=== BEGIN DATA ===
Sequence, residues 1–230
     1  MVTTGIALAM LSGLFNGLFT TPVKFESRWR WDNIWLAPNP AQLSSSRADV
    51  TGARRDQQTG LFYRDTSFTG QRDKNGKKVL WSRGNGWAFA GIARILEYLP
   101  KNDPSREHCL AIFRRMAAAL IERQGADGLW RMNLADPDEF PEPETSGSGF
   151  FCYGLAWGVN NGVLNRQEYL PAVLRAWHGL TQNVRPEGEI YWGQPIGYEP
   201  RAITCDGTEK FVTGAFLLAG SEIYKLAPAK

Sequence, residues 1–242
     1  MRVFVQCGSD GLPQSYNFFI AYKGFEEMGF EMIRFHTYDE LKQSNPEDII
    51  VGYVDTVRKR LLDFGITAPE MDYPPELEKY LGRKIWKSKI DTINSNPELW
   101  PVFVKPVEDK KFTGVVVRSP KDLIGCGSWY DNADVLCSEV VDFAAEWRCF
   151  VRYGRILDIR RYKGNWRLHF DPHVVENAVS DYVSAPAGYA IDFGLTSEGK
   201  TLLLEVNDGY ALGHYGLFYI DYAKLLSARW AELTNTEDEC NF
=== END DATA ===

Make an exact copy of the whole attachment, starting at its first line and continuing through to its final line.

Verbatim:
Sequence, residues 1–230
     1  MVTTGIALAM LSGLFNGLFT TPVKFESRWR WDNIWLAPNP AQLSSSRADV
    51  TGARRDQQTG LFYRDTSFTG QRDKNGKKVL WSRGNGWAFA GIARILEYLP
   101  KNDPSREHCL AIFRRMAAAL IERQGADGLW RMNLADPDEF PEPETSGSGF
   151  FCYGLAWGVN NGVLNRQEYL PAVLRAWHGL TQNVRPEGEI YWGQPIGYEP
   201  RAITCDGTEK FVTGAFLLAG SEIYKLAPAK

Sequence, residues 1–242
     1  MRVFVQCGSD GLPQSYNFFI AYKGFEEMGF EMIRFHTYDE LKQSNPEDII
    51  VGYVDTVRKR LLDFGITAPE MDYPPELEKY LGRKIWKSKI DTINSNPELW
   101  PVFVKPVEDK KFTGVVVRSP KDLIGCGSWY DNADVLCSEV VDFAAEWRCF
   151  VRYGRILDIR RYKGNWRLHF DPHVVENAVS DYVSAPAGYA IDFGLTSEGK
   201  TLLLEVNDGY ALGHYGLFYI DYAKLLSARW AELTNTEDEC NF